Americans unwilling to face entitlement reform | Letter

If people step back and separate themselves from the core issue of the federal debt, they'll see a number approaching $20 trillion that grows like clockwork with no end in sight. Voters almost universally accept this is a problem and elect leaders who...

Americans unwilling to face entitlement reform | Letter

If people step back and separate themselves from the core issue of the federal debt, they'll see a number approaching $20 trillion that grows like clockwork with no end in sight. Voters almost universally accept this is a problem and elect leaders who...

01 mart 2017 Wednesday 09:50
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Americans unwilling to face entitlement reform | Letter

If people step back and separate themselves from the core issue of the federal debt, they'll see a number approaching $20 trillion that grows like clockwork with no end in sight. Voters almost universally accept this is a problem and elect leaders who they think will fix it.

People are demanding fiscal responsibility and accountability in government. Members of both parties are sent to Washington to fix our debt problem, with one  caveat -- don't touch the programs which account for well over half of government spending.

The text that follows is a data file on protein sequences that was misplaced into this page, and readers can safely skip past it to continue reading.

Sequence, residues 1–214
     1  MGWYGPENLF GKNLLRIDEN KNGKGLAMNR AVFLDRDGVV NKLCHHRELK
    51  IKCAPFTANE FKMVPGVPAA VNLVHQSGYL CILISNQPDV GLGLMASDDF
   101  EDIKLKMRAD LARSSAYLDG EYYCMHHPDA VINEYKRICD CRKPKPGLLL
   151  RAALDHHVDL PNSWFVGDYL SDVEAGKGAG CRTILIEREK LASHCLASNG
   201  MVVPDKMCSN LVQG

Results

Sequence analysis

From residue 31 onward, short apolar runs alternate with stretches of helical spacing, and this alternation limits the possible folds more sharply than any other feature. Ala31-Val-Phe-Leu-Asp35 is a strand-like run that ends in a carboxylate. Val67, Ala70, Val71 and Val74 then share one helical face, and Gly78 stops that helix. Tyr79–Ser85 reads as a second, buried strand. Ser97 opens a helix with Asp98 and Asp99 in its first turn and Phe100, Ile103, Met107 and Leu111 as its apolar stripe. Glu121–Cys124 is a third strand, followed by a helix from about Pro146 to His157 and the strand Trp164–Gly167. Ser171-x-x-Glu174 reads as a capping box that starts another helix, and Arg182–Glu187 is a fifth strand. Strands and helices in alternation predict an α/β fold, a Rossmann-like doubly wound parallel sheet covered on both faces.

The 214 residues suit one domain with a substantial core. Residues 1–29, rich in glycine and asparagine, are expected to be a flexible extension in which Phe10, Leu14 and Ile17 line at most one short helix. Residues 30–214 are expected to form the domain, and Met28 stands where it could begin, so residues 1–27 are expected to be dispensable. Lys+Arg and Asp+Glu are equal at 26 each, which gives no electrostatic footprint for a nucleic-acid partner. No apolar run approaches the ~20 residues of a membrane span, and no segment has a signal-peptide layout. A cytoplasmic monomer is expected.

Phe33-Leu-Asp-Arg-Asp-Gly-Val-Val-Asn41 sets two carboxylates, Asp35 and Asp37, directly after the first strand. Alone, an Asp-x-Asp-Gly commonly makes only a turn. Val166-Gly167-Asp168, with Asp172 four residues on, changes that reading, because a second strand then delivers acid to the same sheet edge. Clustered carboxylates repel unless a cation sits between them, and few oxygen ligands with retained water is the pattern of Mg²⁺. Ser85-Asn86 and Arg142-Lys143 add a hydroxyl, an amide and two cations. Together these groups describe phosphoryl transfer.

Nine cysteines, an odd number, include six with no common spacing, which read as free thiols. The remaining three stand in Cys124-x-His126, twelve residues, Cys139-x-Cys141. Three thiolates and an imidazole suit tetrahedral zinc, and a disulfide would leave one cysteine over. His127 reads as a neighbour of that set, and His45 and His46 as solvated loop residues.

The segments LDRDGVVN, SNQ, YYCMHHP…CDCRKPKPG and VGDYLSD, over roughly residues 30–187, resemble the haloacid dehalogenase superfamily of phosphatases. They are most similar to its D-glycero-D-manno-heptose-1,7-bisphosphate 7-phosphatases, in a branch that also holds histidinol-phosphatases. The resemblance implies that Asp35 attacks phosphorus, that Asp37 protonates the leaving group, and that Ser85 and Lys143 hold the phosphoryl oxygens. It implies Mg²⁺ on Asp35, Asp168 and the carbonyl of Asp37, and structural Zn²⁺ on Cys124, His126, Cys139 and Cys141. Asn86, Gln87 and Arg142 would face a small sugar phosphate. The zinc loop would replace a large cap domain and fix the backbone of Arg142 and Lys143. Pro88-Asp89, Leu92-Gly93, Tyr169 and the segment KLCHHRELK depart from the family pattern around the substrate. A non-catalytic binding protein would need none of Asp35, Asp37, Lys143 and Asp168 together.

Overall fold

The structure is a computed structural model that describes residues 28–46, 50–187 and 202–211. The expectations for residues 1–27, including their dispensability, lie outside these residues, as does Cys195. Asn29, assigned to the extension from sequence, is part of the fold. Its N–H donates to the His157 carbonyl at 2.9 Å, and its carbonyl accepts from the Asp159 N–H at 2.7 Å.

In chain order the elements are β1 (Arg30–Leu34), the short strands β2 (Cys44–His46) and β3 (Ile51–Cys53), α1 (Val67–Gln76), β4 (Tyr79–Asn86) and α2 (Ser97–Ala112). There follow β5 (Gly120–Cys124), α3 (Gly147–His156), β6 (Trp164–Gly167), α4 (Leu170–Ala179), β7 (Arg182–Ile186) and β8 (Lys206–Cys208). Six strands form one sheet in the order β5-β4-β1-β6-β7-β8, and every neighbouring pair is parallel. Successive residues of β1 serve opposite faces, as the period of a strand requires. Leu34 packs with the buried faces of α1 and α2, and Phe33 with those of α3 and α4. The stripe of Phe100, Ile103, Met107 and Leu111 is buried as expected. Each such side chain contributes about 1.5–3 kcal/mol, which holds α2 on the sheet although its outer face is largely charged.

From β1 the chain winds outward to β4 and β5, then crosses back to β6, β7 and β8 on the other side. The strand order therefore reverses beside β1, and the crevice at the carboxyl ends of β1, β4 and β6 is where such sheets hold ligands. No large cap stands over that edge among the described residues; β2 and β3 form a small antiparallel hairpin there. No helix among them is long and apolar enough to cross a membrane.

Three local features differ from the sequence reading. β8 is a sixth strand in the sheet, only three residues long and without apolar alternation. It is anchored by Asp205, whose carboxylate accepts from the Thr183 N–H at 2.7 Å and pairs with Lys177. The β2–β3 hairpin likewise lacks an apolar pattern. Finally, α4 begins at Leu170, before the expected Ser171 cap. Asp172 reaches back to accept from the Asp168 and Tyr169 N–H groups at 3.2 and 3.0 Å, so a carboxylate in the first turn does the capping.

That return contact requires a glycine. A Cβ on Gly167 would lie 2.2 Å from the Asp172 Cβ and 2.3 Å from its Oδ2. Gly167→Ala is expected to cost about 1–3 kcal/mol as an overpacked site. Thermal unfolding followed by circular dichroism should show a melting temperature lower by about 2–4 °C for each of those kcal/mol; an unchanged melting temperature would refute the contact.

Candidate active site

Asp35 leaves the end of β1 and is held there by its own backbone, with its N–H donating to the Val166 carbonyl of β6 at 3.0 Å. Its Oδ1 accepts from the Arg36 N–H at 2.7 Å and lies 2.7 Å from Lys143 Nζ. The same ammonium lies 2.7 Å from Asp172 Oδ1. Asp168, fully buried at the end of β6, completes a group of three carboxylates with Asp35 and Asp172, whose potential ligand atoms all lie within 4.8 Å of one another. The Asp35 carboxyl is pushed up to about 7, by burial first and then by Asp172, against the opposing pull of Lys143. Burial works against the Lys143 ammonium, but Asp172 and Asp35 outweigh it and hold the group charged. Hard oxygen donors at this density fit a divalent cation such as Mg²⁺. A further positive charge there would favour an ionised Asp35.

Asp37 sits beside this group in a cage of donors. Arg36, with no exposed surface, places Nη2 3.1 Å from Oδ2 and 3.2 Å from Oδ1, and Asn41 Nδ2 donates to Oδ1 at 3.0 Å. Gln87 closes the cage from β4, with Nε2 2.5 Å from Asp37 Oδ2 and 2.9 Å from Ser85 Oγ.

How could anyone rationally assume this issue will be resolved when the catalyst of the problem, the entitlement programs (Social Security and Medicare are the big ones) cannot be touched.

I get that everyone paid in and wants their money out when they reach retirement age. The problem is there isn't enough money to sustain this. People are living  longer and the metrics are no longer applicable to life in 2017. People aren't willing to compromise on a higher retirement age.

It's time to stop acting like the debt crisis is this incomprehensible enigma which policy makers and economists need to digest for us. We all know what the problem is. We are simply unwilling to fix it.

Until we accept the need for comprehensive entitlement reform, we must stop demanding that government fix a spending problem caused by the people's inability to accept a new lifestyle.

We know what will fix the deficit. The only question is if the people want the problem fixed.   

Austin Gerlach
Easton

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